Identity eats security: How identity management is driving security

New intelligent identity management systems are changing the way organizations authenticate users and devices, and they’re making identity the new security perimeter.

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Protecting data and assets starts with the ability to identify with an acceptable level of certainty the people and devices requesting access to systems. Traditionally, identity has been established using a “secret handshake” (user ID and password) that gets the person or device through a gateway with access to permitted systems. Once through, few safeguards are in place to further confirm identity.

Now, organizations are starting to take a wider, more complex view of identity to authenticate and authorize people and devices to provide a much more reliable, context-based confirmation of identity than a user ID and password can. “We need to take identity from its current state of managing groups, resources and networks in a fairly static way, to a more real-time view of access control through intelligence and machine learning,” says Andre Durand, CEO of Ping Identity.

That approach requires a more comprehensive look at other factors that determine identity, specifically behavior and environmental attributes. Understand everything you can about the customers, employees, and devices connecting to your systems, and you can build a unique profile for each one that would be extremely difficult for a hacker to copy.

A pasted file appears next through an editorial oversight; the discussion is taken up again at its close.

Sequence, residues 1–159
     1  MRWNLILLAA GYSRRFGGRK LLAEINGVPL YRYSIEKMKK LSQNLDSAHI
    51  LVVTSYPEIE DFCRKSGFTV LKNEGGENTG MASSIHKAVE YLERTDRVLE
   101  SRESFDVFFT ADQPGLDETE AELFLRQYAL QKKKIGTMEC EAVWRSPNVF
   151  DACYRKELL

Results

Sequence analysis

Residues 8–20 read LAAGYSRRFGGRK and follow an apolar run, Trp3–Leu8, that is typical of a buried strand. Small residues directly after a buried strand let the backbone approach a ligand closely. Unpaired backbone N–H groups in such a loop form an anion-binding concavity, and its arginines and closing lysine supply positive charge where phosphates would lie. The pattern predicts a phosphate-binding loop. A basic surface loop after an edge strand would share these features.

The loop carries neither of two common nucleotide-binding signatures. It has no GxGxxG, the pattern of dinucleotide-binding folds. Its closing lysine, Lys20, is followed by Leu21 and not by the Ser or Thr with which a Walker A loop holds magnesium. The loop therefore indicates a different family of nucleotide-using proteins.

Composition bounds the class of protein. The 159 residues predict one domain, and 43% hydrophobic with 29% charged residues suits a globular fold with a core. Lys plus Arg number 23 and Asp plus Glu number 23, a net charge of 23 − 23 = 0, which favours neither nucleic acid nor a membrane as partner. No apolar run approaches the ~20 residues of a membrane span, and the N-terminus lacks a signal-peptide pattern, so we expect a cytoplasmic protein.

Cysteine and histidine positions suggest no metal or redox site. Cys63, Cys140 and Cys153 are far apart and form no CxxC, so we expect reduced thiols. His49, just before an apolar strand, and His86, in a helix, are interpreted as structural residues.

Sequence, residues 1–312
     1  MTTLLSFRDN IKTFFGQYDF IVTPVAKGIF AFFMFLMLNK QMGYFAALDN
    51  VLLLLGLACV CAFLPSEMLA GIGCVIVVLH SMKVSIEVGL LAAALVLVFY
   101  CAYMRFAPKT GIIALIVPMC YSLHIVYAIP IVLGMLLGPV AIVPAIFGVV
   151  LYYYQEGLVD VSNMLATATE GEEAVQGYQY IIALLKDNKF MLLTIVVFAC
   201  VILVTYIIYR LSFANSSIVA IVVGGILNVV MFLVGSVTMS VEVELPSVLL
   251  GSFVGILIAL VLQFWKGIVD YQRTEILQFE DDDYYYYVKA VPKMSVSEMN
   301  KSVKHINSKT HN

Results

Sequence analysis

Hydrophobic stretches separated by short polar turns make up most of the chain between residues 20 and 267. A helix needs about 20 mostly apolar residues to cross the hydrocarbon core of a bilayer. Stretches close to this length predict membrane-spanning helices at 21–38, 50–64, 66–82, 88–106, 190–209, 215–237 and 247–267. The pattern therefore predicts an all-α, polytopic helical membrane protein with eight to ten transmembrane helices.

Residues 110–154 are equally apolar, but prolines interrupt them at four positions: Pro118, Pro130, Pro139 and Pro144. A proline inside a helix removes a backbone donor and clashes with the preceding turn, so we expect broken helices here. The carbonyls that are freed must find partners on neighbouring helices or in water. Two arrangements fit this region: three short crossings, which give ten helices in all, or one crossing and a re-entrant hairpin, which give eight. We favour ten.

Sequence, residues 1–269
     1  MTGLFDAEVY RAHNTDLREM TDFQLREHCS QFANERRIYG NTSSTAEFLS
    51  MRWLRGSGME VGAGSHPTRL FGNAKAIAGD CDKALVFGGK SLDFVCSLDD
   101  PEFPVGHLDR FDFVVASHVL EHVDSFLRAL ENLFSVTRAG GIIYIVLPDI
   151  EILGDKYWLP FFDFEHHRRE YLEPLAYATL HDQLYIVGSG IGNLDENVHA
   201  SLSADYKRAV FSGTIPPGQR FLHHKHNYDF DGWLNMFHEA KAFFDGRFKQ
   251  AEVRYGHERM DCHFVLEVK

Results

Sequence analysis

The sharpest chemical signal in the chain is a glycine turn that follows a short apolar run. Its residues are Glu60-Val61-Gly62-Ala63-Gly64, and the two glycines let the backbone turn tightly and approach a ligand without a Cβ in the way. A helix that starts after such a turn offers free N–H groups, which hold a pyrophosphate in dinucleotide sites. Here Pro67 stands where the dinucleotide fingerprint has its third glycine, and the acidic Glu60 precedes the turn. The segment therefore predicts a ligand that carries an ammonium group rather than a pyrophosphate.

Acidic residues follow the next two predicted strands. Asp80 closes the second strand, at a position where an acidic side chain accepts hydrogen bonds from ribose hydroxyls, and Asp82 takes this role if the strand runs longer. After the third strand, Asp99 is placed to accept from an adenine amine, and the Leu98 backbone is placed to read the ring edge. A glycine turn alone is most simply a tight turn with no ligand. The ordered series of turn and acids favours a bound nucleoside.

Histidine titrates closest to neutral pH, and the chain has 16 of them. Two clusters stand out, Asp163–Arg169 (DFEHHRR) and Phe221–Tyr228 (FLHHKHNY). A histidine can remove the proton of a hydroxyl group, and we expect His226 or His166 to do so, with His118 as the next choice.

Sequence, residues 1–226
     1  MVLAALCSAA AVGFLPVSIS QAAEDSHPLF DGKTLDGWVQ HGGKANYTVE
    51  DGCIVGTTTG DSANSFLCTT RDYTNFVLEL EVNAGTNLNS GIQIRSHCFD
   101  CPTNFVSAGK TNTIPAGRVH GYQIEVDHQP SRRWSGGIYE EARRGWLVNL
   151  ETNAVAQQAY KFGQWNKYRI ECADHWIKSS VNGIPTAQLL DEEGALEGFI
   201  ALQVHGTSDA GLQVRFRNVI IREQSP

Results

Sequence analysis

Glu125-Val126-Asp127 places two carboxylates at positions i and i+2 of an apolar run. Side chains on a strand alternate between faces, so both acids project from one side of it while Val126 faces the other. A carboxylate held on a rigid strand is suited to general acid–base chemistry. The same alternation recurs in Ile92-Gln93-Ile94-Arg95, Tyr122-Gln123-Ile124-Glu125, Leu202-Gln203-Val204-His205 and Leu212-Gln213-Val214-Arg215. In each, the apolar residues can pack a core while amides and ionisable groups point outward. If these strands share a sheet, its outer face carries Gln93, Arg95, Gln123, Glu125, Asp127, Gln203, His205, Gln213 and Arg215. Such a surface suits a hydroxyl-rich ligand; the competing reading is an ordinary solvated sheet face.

Changing the way enterprises use identity to authenticate and authorize is also driving structural changes within the organization. The people who are responsible for identity have typically not been associated with security. That’s changing as security focuses more on identity as a front-line defensive concept, and it’s having a profound effect on both groups.

“Security absorbed identity, but identity is eating security,” says Durand. As organizations build security strategies that start with strong authentication, identity becomes the new perimeter.

Why identity management is changing

User IDs and passwords are now pointless. They can be easily hacked or bought. That’s why most enterprises with high-value data to protect have gone to at least two-factor authentication (2FA). Even 2FA is becoming less secure as tokens or smartphones can be compromised or stolen.

Not only are passwords ineffective, they annoy people. Consumer-facing businesses want to remove friction from customer interactions, and organizations want to do the same for their employees. Passwords generate a lot of friction.

The trend toward digitalizing business is also increasing demand for better identity management and strong authentication. “Digitalization is driving a lot of customer journeys that didn’t exist before,” says Jatin Maniar, vice president marketing and alliances for passwordless, universal authentication vendor Nok Nok Labs. Those journeys often force developers to make trade-offs between security and convenience. “Better user experience and security underpinnings lead to increased engagement and improved risk posture,” he says.

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